Where I Find Myself: The Voice of My Native State
Last spring, I wrote a piece for this website on the poetry of Maurice Manning, whose work reflects and draws on the rich language, stories and landscape of his native Kentucky.
One of the things I learned from writing that reflection is that place itself is a kind of language. And like any language, it informs our view of the world and gives shape to our thoughts as we try to make sense of the world around us.
I believe that the place we are from is in our blood, whether we like it or not. I believe that the land gets under our skin. And I know that, for all its faults, for all its shallowness and brokenness and glitter that isn’t gold, California is under mine.
Hopeless dreams, a rootless restlessness, and heartbreaking proximity to a neverending sea are in the air I breathe.
I was born to them and in them, and they are as much a part of me as Manning’s butter beans, Kentucky tall tales, and moonshine memories are a part of him.
Strange as it may sound, reading Maurice Manning’s poetry led me to fall in love again with my own California. To understand that it, too, is a place of rich, complicated, and beautiful language that tells a certain truth about the world in which I find myself.
What is faith? Is it belief in the impossible? Or in a creed? Is it action, is it feeling? Is it all and none of the above?
Yes. And no.
There are things you know without knowing how you know them. Then there are the stories you tell because you can’t tolerate the space between these knowings. Stories born out of the tectonic tension between the substance of things hoped for, felt, believed—and the substance of all you see, hear, touch around you.
It takes work to write a place. Work that is the result of love. And faith. Because the truth is that the world is not what it seems. It defies easy narrative, and if there is any place on earth that reminds us of this, it’s California.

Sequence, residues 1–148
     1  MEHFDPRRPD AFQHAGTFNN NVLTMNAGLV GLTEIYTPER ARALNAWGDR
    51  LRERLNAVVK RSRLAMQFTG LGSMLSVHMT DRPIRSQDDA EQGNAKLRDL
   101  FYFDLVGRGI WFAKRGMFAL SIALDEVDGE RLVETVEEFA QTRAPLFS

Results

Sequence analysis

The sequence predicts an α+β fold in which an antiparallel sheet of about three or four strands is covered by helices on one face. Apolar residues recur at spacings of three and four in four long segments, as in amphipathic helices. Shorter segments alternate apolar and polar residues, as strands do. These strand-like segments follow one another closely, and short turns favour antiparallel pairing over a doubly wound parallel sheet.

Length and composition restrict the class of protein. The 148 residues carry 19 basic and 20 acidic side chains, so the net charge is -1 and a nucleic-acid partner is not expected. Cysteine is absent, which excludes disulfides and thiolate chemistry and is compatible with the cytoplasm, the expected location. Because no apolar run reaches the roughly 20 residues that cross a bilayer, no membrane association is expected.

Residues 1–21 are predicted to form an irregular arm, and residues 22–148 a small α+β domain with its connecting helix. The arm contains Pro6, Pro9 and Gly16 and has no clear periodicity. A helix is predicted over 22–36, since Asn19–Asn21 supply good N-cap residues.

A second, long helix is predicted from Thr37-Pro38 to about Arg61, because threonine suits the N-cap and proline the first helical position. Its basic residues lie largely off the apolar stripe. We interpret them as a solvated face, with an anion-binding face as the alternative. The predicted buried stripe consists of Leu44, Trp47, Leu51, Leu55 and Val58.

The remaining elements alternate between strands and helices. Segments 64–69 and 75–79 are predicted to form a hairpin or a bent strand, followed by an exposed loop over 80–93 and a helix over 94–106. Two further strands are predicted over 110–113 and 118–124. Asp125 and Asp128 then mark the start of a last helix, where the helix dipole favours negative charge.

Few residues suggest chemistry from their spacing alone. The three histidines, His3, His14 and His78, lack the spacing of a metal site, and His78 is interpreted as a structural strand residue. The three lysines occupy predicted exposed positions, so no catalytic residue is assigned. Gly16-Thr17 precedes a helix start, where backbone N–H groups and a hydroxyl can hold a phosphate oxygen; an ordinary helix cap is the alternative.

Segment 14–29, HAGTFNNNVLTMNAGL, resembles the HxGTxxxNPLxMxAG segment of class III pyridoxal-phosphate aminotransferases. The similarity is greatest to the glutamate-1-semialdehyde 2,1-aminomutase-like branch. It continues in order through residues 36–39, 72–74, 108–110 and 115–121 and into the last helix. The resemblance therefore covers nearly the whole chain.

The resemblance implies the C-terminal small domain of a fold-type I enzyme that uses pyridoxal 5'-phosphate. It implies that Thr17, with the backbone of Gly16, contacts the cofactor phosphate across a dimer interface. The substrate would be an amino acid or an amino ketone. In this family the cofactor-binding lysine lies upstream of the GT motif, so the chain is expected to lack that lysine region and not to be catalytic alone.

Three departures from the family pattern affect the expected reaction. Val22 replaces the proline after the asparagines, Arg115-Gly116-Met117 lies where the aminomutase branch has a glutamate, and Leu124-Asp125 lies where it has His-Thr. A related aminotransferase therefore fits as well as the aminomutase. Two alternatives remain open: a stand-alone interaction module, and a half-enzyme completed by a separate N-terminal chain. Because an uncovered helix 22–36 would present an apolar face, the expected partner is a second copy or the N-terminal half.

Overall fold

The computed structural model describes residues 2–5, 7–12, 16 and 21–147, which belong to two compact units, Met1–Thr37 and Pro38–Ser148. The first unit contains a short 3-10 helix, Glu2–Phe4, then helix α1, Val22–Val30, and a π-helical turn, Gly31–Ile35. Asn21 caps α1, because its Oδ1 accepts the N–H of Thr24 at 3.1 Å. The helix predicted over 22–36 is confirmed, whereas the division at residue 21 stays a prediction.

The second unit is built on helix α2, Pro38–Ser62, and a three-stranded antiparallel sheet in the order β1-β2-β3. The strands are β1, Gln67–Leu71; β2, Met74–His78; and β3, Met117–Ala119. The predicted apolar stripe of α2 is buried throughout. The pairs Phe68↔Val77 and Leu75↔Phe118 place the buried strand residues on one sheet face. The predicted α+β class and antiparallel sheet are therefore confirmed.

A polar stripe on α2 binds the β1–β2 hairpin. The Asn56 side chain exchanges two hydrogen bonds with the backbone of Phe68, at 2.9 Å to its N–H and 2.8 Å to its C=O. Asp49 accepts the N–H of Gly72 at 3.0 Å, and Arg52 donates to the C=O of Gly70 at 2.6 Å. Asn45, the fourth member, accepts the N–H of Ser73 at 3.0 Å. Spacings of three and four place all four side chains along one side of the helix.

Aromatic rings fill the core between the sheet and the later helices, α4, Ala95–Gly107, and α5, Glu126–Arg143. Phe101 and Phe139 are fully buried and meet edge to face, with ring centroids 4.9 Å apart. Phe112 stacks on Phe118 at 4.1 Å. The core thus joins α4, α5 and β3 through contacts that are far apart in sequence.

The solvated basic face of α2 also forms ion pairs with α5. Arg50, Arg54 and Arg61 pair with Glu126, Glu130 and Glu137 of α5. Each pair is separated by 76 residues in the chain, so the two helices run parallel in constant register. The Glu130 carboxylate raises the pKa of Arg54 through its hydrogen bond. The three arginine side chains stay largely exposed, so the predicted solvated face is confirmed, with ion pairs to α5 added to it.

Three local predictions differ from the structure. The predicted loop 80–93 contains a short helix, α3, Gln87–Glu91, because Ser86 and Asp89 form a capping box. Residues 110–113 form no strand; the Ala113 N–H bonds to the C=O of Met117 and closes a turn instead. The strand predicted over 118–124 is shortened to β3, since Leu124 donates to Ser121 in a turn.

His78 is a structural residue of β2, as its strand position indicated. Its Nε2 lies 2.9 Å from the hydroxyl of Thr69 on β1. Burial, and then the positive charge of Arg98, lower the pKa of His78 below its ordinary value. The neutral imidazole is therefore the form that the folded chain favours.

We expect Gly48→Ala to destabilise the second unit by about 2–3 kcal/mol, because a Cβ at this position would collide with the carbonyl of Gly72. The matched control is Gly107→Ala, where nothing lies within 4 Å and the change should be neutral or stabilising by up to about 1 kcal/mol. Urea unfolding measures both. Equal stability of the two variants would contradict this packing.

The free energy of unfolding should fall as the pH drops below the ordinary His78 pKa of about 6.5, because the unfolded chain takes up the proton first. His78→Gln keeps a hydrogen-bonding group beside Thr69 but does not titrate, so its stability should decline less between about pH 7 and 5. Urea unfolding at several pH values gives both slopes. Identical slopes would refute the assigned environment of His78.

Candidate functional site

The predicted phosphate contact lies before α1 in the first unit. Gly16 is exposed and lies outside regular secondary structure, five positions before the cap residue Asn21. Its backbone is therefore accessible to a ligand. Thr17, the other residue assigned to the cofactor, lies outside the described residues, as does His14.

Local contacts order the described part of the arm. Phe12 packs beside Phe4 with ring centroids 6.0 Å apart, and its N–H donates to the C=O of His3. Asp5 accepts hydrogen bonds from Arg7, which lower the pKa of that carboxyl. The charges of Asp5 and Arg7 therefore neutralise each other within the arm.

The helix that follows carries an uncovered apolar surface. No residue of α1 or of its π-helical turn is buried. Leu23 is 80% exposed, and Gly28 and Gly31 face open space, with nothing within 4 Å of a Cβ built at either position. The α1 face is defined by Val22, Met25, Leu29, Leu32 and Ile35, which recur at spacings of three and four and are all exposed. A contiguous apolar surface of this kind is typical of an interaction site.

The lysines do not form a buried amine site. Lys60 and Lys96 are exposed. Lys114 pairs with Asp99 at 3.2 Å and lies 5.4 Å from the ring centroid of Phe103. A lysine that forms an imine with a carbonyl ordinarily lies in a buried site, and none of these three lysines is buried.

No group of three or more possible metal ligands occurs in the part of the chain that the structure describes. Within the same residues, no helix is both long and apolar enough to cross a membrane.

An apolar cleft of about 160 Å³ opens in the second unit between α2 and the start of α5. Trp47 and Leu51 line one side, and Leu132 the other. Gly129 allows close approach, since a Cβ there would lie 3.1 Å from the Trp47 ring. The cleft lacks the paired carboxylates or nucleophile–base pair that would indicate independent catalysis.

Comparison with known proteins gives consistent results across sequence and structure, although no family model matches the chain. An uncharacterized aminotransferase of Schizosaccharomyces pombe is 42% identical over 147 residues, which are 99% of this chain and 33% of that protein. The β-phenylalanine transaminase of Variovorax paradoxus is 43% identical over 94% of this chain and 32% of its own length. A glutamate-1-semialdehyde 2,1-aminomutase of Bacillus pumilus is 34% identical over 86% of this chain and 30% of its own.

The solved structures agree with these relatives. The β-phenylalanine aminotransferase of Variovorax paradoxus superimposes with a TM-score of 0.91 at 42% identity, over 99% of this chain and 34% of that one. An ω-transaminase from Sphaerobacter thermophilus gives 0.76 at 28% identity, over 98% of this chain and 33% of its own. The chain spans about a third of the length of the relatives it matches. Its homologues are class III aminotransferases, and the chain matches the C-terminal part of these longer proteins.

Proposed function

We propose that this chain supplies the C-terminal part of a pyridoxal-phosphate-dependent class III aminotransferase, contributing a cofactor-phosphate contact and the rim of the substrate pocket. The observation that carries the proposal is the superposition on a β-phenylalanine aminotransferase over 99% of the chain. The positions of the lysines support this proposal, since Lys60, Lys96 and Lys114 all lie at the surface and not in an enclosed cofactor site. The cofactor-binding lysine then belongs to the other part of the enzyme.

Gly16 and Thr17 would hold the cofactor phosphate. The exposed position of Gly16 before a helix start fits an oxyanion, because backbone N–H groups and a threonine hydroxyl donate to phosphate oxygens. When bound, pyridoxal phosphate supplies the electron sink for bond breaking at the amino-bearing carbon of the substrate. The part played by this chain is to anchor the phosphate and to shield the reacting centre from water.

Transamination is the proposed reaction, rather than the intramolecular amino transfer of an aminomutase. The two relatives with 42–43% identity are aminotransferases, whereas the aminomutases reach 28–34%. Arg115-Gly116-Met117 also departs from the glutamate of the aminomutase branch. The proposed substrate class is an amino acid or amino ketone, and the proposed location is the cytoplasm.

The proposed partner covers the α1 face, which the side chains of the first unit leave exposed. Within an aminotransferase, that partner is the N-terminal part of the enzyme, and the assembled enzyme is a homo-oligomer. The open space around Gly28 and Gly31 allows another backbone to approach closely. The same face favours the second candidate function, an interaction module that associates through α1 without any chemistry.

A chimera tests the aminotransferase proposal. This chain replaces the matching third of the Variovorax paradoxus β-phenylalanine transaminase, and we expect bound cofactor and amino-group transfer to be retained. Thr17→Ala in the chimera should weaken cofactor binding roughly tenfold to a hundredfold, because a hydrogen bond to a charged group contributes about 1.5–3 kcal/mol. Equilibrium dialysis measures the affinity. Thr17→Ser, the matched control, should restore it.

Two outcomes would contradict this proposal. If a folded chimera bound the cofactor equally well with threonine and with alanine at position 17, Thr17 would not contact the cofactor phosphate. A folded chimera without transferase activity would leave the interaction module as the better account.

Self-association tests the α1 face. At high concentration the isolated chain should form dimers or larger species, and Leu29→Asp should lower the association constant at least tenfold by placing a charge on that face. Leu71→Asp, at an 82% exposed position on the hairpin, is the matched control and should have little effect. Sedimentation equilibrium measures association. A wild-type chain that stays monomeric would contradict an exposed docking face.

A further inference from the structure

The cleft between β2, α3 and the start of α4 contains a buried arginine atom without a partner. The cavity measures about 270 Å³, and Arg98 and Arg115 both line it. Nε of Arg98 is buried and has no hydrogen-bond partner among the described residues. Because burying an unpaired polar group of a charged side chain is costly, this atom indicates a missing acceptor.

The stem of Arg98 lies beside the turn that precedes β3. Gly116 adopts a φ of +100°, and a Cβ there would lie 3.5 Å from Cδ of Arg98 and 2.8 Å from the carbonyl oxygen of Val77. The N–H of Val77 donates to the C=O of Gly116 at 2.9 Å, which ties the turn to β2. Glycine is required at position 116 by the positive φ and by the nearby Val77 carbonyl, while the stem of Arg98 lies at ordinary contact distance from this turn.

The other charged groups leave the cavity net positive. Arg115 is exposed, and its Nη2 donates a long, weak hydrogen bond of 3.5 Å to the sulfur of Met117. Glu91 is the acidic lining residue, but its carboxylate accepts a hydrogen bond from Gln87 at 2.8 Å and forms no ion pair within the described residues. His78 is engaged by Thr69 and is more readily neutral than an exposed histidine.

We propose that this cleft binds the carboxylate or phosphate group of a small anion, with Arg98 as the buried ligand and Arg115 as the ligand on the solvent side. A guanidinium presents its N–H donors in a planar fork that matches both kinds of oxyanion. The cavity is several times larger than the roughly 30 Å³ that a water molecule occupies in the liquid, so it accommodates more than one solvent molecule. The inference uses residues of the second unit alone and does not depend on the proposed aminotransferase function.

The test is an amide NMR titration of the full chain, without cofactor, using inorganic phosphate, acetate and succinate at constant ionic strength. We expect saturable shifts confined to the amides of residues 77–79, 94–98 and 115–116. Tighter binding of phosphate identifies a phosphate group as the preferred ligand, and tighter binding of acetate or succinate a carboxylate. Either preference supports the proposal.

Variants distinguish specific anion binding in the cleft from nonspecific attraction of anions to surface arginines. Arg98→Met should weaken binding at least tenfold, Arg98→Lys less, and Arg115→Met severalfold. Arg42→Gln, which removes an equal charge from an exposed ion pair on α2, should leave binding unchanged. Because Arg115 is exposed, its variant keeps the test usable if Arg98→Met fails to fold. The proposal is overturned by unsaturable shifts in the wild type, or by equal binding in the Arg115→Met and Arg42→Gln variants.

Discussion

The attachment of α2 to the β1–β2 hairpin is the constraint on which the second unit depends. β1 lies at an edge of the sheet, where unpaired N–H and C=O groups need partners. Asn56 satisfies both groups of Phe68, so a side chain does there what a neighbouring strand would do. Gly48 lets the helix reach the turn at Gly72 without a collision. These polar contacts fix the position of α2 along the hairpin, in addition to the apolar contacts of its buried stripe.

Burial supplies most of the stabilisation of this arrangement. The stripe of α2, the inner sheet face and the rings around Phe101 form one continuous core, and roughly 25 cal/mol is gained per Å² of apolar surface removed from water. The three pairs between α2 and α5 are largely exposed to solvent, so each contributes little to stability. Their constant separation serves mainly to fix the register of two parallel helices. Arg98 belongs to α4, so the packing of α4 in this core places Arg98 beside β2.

Those of us who make California our home—and I do mean make it; home is a willful act of creativity in this land of transients and transplants—aren’t just granola eating vegan yogis brandishing our venti double-shot soy lattes as we hightail it to the beach with our surfboards strapped to our car roofs, our skin perpetually tan and glistening, the light forever falling in a late-afternoon arc across the looming white letters of the Hollywood sign.
We are restless travelers, forever seekers. We come from everywhere, and we’re usually on our way to somewhere else. We walk the streets of cities where solid ground is only an illusion.
We watch dreams break on reality over and over again just like waves on the hard, brittle, and breathtaking coastline along the Pacific Coast Highway.
Here, hope is routinely encouraged—and ruthlessly dashed. The shadow of countless longings runs like a fault line through just as many vagrant hearts.
California is a siren song for the faulted and faltering, the broken and beautiful, because all those things are California. This is my native state–and this, for better or worse, is my home.
So perhaps it is no real surprise that for me, who was born, bred and has lived most of my 37 years of life in this schizophrenic, unstable and unpredictable environment, there is no such thing as easy faith in anything. There is only one shaking after another, a neverending process of shattering and putting pieces back together again. And you never know when the next big quake will hit, nor what the cost of the damage will be.
The one and only thing you can be sure of: The quake is coming. Always.
Grace Farag is a writer living in Southern California. Her work has appeared in various places, including San Marino Patch (where she has contributed articles on, among many other things, the art of John Frame and a museum exhibit about novelist/poet Charles Bukowski), a devotional prayer book on gender injustice issues, the online journal Ontologica and Offerings: A Creative Anthology.